"This is about fairness; it is about protecting fair competition. It is not about protectionism", he said.

A quarter of the bloc's gas as well as quarter of its oil originates from Russia.

Despite the expected difficulty of the negotiations, the European Commission believes an agreement could be thrashed out under France's six-month EU presidency, starting in July 2008 – with Mr Barroso firmly putting the ball in member states' court.

"Today we put everyone before their responsibilities. If the results are lacking it will not be because of a lack of ambition on the part of the commission", he concluded.

Brussels to announce EU energy sector shake-up

Despite a lack of political appetite in several EU states, the European Commission is set to push ahead with the furthest-reaching reform of the bloc's energy sector yet.

The package includes the forced break-up of Europe's energy giants as well as a protective shield against countries such as Russia.

Eurozone chief in 'drinks and women' row

[Updated] The Netherlands' Jeroen Dijsselbloem faces calls for resignation after saying that crisis-hit countries in southern Europe spent "money on drinks and women" before being helped by others.

Greek bailout talks to 'intensify'

Greece and its creditors will meet in Brussels later this week to unblock negotiations needed for a new tranche of financial aid, amid concerns over the country's economic situation.

Varoufakis back in push for ECB transparency

The former Greek finance minister Yanis Varoufakis and German left-wing MEP Fabio De Masi want to know whether the European Central Bank overstepped its powers when putting capital controls on Greek banks in 2015.

Stolen Russian billions ended up in EU states

Illicit money flowing out of Russia ended up in almost every single EU state, an investigation has found, posing questions on the integrity of Europe’s banking systems.

News in Brief

  1. Man arrested in Antwerp after trying to mow people down
  2. Marine Le Pen goes to Russia
  3. Dutch post-election talks prioritise green-right coalition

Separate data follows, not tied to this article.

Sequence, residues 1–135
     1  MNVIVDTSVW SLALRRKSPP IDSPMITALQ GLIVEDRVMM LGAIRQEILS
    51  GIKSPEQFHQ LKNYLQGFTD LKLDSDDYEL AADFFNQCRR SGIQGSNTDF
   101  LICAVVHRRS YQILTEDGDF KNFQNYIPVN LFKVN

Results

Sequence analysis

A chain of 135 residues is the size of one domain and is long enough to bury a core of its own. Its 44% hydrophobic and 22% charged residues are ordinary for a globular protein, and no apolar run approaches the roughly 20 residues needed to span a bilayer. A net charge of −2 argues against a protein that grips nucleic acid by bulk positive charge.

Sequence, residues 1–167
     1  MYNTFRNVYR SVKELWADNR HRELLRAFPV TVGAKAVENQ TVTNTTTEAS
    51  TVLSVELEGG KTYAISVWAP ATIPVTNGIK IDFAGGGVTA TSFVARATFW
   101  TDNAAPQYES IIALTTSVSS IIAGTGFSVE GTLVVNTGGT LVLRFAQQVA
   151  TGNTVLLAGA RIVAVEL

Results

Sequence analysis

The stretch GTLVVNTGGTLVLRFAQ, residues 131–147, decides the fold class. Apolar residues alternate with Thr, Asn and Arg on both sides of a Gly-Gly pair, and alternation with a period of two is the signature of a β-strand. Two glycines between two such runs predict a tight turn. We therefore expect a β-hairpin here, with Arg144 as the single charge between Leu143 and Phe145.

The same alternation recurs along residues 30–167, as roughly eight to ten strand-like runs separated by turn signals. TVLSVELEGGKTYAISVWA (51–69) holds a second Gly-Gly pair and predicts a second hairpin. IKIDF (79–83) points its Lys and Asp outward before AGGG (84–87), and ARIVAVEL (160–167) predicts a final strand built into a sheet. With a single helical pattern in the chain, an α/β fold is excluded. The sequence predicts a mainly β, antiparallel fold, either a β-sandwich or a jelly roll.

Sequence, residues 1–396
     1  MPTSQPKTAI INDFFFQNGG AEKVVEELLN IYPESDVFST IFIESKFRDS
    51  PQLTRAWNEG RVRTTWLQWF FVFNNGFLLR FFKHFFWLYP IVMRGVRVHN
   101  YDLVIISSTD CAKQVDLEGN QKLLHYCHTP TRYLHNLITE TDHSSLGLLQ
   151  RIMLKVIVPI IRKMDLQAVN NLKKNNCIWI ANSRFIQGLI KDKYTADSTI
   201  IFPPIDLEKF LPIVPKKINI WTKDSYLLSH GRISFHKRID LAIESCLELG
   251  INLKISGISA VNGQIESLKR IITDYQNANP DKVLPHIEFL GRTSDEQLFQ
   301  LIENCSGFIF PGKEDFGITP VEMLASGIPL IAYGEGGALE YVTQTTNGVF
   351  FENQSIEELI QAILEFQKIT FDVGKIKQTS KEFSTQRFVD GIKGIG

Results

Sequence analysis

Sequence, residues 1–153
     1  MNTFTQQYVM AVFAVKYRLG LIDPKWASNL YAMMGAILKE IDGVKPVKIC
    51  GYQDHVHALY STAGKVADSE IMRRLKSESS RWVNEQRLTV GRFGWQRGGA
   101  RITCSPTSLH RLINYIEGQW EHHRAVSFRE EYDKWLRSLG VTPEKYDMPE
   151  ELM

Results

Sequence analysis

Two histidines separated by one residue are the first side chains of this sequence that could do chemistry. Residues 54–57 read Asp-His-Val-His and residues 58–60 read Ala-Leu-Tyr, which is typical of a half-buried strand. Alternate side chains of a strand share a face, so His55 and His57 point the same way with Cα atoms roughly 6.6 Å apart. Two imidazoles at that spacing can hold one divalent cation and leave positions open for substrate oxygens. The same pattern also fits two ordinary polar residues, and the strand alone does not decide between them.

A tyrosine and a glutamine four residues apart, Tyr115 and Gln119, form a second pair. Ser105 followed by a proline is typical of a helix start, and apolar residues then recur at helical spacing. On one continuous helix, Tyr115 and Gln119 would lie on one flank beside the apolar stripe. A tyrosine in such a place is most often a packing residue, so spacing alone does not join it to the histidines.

4. EU summons Turkish envoy over threats to Europeans
  5. British police make first arrests in London terror probe
  6. EU commission has received Facebook reply on WhatsApp
  7. Rome expects thousands of protesters at summit
  8. Dijsselbloem says his comments had 'Dutch directness'

Stakeholders' Highlights

  1. EJCExpresses Concern That Extremists Still Have the Ability and Motivation to Murder in Europe
  2. European Gaming & Betting AssociationAudiovisual Media Services Directive to Exclude Minors from Gambling Ads
  3. ILGA-EuropeTime for a Reality Check on International Day for the Elimination of Racial Discrimination
  4. UNICEFHuman Cost to Refugee and Migrant Children Mounts Up One Year After EU-Turkey Deal
  5. Malta EU 2017Council Adopts New Rules to Improve Safety of Medical Devices
  6. Nordic Council of MinistersNordic Energy Research: How to Reach 100 Percent Renewable Energy
  7. Party of European SocialistsWe Must Renew Europe for All Europeans
  8. MEP Tomáš ZdechovskýThe European Commission Has Failed in Its Fight Against Food Waste
  9. ILGA-EuropeEP Recognises Discrimination Faced by Trans & Intersex People
  10. Nordic Council of Ministers25 Nordic Bioeconomy Cases for Sustainable Change
  11. Malta EU 2017Consumer Protection Laws to Be Strengthened by EU-Wide Cooperation
  12. European Free AllianceSupporting Artur Mas: Democracy and Freedom Cannot Be Convicted

Latest News

  1. May: London attacker was known to the police
  2. Ending the migrant deal with Turkey may save the EU
  3. Poland unlikely to face EU discipline on rule of law
  4. Rutte courted Wilders' voters, now he must deliver
  5. Barnier to UK: trade talks will come after settling accounts
  6. EU declaration to voice unity in troubled times
  7. Terror attack shuts down UK parliament
  8. Catalonia and Scotland at core of Europe's geopolitical conundrum